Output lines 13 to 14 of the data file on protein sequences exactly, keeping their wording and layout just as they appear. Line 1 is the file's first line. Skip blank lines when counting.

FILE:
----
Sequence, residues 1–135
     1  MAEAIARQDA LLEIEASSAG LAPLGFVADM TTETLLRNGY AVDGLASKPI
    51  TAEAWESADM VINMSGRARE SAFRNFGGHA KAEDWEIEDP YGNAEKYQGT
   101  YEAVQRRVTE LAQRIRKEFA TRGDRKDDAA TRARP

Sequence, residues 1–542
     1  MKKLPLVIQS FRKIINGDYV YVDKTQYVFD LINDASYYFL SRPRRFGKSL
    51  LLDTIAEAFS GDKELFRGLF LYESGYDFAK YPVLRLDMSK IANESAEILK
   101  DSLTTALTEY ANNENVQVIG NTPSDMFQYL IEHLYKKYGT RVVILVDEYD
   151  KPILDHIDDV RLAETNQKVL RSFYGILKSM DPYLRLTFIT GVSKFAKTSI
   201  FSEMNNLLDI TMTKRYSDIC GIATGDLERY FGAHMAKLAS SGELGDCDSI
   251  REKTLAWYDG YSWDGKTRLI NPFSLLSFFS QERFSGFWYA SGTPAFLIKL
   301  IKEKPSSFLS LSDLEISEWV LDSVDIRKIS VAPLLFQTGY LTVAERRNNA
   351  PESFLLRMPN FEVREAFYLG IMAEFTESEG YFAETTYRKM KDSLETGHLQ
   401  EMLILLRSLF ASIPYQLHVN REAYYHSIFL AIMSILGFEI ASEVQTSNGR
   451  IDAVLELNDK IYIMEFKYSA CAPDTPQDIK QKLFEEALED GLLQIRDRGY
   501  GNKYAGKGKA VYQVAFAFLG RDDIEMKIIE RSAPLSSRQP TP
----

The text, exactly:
   351  PESFLLRMPN FEVREAFYLG IMAEFTESEG YFAETTYRKM KDSLETGHLQ
   401  EMLILLRSLF ASIPYQLHVN REAYYHSIFL AIMSILGFEI ASEVQTSNGR